Ovarian Cancer: Do You Have A Genetic Risk?
Actress Angelina Jolie made headlines this year with news that because she carried the BRCA1 mutation – a genetic trait that raised her risk for developing both ovarian and breast cancer – she decided to undergo a preventive double mastectomy. And news reports indicate she may be planning a future surgery to remove her ovaries.
Jolie’s decision sparked debate and surprised some who thought it radical. Yet her courage in sharing this information publicly provides an opportunity to raise awareness about the role family history may play in breast and ovarian cancers.
Ovarian cancer is the second most common gynecological cancer in the U.S. and the primary cause of gynecological cancer death. The National Cancer Institute (NCI) estimates that 22,240 women will be diagnosed with ovarian cancer this year; 14,030 women will die from it.
Ovarian cancer is difficult to recognize early as the symptoms – bloating, abdominal discomfort, back pain and a change in bowel and urinary habits – are common to so many conditions. Unlike pap smears, which screen for cervical cancer, there isn’t a good screening test for ovarian cancer, says Jennifer Brzosowicz, a certified genetic counselor at Moffitt Cancer Center.
Family History As A Risk Factor
Reproductive, demographic, and lifestyle factors can affect which women develop ovarian cancer, but as the NCI points out, the single greatest risk factor is a family history of the disease.
Women with a first-degree relative, such as a mother, daughter, or sister who has been diagnosed with ovarian cancer, are at an increased risk for the cancer themselves. The risk jumps higher in women who have one first-degree relative and one second-degree relative, for example, a grandmother or aunt, with ovarian cancer. It increases further for women who have two or more first-degree relatives with ovarian cancer.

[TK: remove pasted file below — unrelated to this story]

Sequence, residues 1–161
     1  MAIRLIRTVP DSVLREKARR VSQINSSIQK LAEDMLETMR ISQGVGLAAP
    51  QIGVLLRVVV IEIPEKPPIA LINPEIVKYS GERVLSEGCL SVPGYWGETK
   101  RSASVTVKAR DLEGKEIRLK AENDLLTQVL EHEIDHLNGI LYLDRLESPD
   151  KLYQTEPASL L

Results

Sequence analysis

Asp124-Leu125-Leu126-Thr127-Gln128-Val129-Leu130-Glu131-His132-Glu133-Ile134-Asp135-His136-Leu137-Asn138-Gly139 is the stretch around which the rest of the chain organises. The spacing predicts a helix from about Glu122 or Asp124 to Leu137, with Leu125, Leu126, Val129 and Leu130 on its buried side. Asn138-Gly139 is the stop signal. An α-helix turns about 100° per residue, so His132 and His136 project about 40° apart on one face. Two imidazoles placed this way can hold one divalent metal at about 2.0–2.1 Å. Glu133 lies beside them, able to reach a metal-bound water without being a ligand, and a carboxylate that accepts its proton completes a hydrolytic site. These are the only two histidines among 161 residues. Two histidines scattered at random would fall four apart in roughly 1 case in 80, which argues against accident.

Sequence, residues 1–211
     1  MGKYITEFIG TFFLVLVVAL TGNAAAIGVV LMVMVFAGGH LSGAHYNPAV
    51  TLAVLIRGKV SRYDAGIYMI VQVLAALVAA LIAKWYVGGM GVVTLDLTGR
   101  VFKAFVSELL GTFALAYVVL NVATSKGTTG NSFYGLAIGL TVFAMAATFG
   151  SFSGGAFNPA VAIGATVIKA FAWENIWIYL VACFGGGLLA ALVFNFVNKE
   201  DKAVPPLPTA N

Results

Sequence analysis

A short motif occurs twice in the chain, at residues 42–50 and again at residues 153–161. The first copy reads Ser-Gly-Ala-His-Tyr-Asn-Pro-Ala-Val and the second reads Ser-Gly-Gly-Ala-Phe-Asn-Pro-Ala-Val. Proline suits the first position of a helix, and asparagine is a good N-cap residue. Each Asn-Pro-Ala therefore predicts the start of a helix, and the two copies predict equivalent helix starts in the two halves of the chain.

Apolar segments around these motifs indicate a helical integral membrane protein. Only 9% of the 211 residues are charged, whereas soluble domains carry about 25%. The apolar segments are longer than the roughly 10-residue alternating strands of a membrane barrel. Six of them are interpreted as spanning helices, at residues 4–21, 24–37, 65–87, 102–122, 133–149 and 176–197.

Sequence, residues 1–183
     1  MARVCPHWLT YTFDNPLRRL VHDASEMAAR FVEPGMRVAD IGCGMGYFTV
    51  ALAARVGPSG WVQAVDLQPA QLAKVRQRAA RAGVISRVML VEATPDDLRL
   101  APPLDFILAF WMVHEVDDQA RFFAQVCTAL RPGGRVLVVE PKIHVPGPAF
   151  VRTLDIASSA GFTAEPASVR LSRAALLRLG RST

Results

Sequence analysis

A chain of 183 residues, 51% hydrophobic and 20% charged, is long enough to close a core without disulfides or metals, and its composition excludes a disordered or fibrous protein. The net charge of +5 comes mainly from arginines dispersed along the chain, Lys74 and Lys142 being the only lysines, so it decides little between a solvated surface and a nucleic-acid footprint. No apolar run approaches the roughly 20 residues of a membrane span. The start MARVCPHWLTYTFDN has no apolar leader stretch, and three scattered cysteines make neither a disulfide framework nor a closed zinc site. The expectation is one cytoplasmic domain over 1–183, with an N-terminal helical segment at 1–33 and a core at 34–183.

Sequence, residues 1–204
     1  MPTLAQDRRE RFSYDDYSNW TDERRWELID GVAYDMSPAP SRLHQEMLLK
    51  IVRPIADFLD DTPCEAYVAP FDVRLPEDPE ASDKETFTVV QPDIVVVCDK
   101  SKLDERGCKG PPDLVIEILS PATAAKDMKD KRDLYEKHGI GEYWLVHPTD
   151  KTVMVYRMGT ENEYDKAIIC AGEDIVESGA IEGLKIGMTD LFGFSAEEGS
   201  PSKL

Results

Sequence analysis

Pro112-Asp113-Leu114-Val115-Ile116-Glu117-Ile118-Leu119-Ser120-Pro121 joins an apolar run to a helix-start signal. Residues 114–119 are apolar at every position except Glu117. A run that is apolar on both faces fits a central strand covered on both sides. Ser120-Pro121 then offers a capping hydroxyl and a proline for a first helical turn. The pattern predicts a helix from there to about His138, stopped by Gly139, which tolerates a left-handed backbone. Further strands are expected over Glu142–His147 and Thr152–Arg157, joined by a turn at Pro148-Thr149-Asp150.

At the same time, it’s important to understand that not all ovarian cancer is related to hereditary risk. In fact, only five-to-ten percent of all cases are related to an inherited genetic trait, says the NCI.
It’s also true that just having a family history or learning that you carry a BRCA mutation does not mean that you will develop cancer, says Brzosowicz.
The Role Of Genetic Testing
BRCA genes help repair DNA and prevent uncontrolled cell growth. But mutations interfere with normal function and can increase the risk of developing ovarian and breast cancers at a young age. The lifetime risk for ovarian cancer among all women is 1.4 percent, but for women who have BRCA mutations, that risk jumps to 15-to-44 percent.
Both BRCA1 and BRCA2 mutations are associated with high risk for breast and ovarian cancers, and BRCA2 also is associated with an increased risk for certain other cancers.
Genetic testing can identify these mutations and help women evaluate their risk for these cancers, says Brzosowicz. Who should be tested? That is a highly individual decision, she says, but based on National Comprehensive Cancer Network guidelines, prime candidates for genetic counseling are women with ovarian cancer, as well as those with a family history of the disease.
What To Expect From Genetic Testing
The first step is to meet with a genetic counselor to discuss personal and family history, the likelihood of an inherited mutation, the number of family members diagnosed with cancer, and whether testing is appropriate, says Brzosowicz.
If testing is the right decision, DNA from a blood sample will be examined for possible abnormalities to the BRCA1 and BRCA2 genes, as well as other genes that could be associated with hereditary ovarian cancer risk.
What if mutations are identified? “Treatment decisions can be complex and must be made between the patient and physician,” says Brzosowicz. “What is right for one person may not be right for another.”
A range of options are available, including surveillance or screening to find cancer early, preventive chemotherapy combined with regularly scheduled screenings, and elective surgery to remove both the fallopian tubes and ovaries.
For more information about BRCA mutations and genetic counseling for ovarian cancer, call 1-888-MOFFITT.